Your Guide To...BHIVA Standards of Care for People Living with HIV

7. HIV across the life course

This section looks at the impact of HIV at different times in someone’s life. Separate Standards exist for children living with HIV. These are produced by the Children’s HIV Association (CHIVA) and are not included here.

Standard 7 - HIV across the life course

7b. Early to middle adulthood

If you are aged between 25 and 65 years you are in early to middle age.

People living with HIV in this age group can have very different lives.

Some may have been diagnosed as children and have grown up living with HIV and are now cared for in adult services. Your needs can be specific for both special physical and emotional healthcare. Services should be available for these specific needs at your clinic. These services should make sure you stay as healthy and well as possible.

Most people in this age group will have been diagnosed as adults.

If you have had an early diagnosis – that is, soon after you acquired HIV – and if you started HIV treatment soon after diagnosis, then it’s likely that you’ve no or few HIV-related health issues. HIV care services should not interfere with your day-to-day schedule. This includes your education, training and employment.

Other people in this group may have been diagnosed a long time ago, or were diagnosed late – that is, a long time after they acquired HIV. People in this group may have complex care needs because of the harmful effects of early HIV treatments or they may have symptoms caused by previously untreated HIV. If so, they may need more support, both for physical health, and emotional and mental health. Support might need to come from other care services. Peer support organisations may also be useful. Here, people living with HIV can share experiences and get support from each other in a safe and caring environment.

Other factors should be considered for everyone, including drug and alcohol dependency, poverty, housing, immigration status and dealing with stigma. Peer support organisations can help in many of these areas, and you should be told about where to access peer support. Your doctors should also monitor your mental health and help you during this time.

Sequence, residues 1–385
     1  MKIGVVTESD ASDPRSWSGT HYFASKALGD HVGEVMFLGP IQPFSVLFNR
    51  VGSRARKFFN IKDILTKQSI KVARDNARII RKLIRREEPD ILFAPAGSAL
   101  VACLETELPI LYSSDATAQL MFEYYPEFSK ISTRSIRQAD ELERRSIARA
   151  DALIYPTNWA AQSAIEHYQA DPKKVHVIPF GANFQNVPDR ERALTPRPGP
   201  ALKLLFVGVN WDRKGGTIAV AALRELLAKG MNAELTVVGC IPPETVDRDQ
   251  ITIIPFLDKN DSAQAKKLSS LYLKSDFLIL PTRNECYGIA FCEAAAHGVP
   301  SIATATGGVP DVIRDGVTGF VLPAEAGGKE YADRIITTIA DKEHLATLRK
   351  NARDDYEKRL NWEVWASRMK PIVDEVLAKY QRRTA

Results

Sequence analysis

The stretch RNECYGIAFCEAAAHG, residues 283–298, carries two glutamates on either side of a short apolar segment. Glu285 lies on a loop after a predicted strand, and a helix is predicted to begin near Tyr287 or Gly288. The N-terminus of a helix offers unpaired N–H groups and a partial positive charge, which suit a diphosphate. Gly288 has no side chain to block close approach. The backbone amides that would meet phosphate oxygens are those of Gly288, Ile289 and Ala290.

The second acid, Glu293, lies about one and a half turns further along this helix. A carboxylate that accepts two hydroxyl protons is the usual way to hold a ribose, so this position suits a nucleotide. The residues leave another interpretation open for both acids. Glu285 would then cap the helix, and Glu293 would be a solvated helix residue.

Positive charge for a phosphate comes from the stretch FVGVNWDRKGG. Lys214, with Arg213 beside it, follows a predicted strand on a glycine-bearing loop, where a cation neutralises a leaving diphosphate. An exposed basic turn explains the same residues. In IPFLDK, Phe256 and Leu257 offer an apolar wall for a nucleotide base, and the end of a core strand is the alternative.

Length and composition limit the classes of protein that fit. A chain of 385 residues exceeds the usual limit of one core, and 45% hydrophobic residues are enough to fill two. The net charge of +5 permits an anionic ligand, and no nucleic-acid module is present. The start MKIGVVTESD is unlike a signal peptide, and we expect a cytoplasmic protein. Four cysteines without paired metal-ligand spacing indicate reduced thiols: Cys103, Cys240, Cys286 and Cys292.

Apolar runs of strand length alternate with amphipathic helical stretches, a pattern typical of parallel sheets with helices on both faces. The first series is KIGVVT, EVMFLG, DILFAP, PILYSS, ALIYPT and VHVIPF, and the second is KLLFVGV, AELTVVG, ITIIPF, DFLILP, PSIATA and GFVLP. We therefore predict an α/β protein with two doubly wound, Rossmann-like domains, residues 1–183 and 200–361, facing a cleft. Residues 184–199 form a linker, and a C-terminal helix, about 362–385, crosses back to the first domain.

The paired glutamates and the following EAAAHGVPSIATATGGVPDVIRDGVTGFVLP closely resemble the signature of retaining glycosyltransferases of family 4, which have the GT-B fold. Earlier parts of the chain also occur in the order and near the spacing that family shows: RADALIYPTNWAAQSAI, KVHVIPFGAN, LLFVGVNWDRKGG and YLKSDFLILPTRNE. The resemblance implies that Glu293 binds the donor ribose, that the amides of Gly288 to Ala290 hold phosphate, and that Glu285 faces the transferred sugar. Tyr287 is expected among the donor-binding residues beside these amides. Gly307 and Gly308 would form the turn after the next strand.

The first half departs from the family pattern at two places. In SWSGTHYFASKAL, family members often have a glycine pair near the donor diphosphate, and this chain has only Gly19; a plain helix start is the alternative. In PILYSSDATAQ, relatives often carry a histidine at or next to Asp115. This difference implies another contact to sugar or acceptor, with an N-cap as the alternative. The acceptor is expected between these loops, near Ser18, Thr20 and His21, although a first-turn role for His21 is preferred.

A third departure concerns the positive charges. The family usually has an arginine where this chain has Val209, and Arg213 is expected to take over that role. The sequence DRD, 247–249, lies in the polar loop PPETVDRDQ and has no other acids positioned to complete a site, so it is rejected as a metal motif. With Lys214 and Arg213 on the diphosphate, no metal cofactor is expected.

People in this age group are usually sexually active. Everyone is entitled to healthy and fulfilling sex lives, including people living with HIV. Like everyone else, you should have access to sexual and reproductive health services. You should be informed about Undetectable equals Untransmittable (U=U), treatment as prevention (TasP), other sexually transmitted infections (STIs), and have access to regular and routine sexual health check-ups. This is discussed more in Standard 5 (Sexual and reproductive health).

Reproductive health services should be provided. If you plan to have a baby, you should be given access to information on HIV and pregnancy that is easy to understand. Thanks to U=U, it is now possible to have condomless sex without the risk of passing on HIV to your partner. It is possible to get pregnant naturally, even if you are HIV positive, but your partner is not. This is also discussed in Standard 5 (Sexual and reproductive health).

Key messages

  • You should have access to all information and support about living with HIV; starting and continuing HIV treatment; planning pregnancy; hospital care; education and employment; housing, benefits, immigration status; drug or alcohol dependency; poor mental health. Services should be individualised with access to peer and social support.

  • Care and support services should not limit your daily routine. Clinic visits, simplified medication with home delivery, and access to test results should be made easy for you, with your agreement.

  • You should get advice and support to maintain your health, such as stopping smoking, having a balanced diet, exercising, and support for alcohol or drug dependence.